Benjamin Franklin Papers

To Benjamin Franklin from David Hartley, 3 March 1778

From David Hartley

ALS: American Philosophical Society; transcript:1 Library of Congress

Golden Square Mar 3 1778

Dear Sir

Dont let us despair now. There seems I hope to be a disposition on all sides to Peace. The Conciliatory bill as it is called passed the H of Commons yesterday. The Sentiments of Ld. North towards peace have been declared by the bill itself and by the method and principles which he avowed when he brought it in. Ld. George Germain who had not opened his lips in the Course of the bill was called upon yesterday to declare whether he concurred heartily in the measure, or whether he remained in his old Sentiments. He declared his hearty concurrence with the bill in the present circumstances of things, and that he would advise the giving such instructions to the Commissioners under the bill as would be most likely to facilitate peace.2 I hope the Commissioners will meet with good dispositions on the other side of the water and that we may once more be united in affections and interests. We are so full of business at present that I must refer you for a detail of many particulars to some future opportunity of a safe conveyance. I send you this by a very worthy man who is leaving this Country3 but I have hopes that we may all meet some day again in peace. I am Dear Sir Your most affectionate friend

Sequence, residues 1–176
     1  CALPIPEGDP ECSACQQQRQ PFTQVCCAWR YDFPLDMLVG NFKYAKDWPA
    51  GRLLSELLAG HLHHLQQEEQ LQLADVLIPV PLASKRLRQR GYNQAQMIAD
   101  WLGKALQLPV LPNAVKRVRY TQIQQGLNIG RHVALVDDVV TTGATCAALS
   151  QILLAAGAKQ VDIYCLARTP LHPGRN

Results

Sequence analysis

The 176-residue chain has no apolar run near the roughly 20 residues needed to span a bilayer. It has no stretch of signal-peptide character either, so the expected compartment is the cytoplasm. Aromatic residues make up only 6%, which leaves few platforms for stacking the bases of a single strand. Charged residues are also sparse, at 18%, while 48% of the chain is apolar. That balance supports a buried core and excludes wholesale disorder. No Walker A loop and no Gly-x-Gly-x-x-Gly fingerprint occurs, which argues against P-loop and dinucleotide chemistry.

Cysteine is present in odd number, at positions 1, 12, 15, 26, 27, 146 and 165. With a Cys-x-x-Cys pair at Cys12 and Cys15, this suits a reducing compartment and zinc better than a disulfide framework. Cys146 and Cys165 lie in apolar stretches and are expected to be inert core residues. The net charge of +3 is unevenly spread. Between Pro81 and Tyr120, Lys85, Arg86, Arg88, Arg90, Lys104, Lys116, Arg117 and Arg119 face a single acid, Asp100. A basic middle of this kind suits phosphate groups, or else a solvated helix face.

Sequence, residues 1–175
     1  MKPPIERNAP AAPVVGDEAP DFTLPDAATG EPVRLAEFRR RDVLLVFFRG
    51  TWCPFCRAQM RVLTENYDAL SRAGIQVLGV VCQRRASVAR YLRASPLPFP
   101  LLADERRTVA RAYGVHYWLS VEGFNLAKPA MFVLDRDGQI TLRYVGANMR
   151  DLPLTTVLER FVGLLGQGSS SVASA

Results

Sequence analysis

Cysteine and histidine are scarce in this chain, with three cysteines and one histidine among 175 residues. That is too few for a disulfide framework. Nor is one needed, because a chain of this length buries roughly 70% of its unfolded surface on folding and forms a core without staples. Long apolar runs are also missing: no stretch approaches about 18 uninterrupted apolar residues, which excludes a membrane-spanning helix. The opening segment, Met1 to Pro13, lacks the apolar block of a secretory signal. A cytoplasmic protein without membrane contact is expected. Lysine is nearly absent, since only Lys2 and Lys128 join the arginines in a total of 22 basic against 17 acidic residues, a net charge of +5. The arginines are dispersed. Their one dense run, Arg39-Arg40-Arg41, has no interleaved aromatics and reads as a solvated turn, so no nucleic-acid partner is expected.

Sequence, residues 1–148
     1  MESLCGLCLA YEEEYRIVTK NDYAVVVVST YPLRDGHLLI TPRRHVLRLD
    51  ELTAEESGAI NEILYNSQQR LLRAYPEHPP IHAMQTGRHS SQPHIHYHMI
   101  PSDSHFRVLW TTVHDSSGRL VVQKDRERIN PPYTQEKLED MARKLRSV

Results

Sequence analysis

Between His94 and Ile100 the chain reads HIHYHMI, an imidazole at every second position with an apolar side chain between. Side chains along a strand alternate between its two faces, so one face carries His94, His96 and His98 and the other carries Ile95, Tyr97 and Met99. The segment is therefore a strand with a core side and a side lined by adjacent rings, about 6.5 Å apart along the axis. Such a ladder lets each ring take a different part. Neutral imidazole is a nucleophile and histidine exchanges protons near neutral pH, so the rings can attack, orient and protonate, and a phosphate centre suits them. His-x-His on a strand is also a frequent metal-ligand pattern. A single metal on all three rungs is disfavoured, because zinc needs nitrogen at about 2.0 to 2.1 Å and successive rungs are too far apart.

Addressed: To Dr Franklin

Notations: D.H. Mars 3. 1778. / Mr Hartley

1With a quasi-postscript in another hand and unconnected with the letter; it consists of Hartley’s warning at the end of his letter below, April 29, and BF’s reply of the same date.

2For Germain’s remarks, just before the bill passed its third reading without a division, see The Parliamentary Register . . ., VIII (1777–78), 431–2. The instructions to the commission gave it small chance of success, and perhaps in consequence its civilian members were, except for William Eden, men of little calibre: Willcox, Portrait of a General, pp. 219–22.

3Possibly John Vaughan, who was leaving England for Bordeaux and eventually America; see his father’s letter to BF below, March 5.

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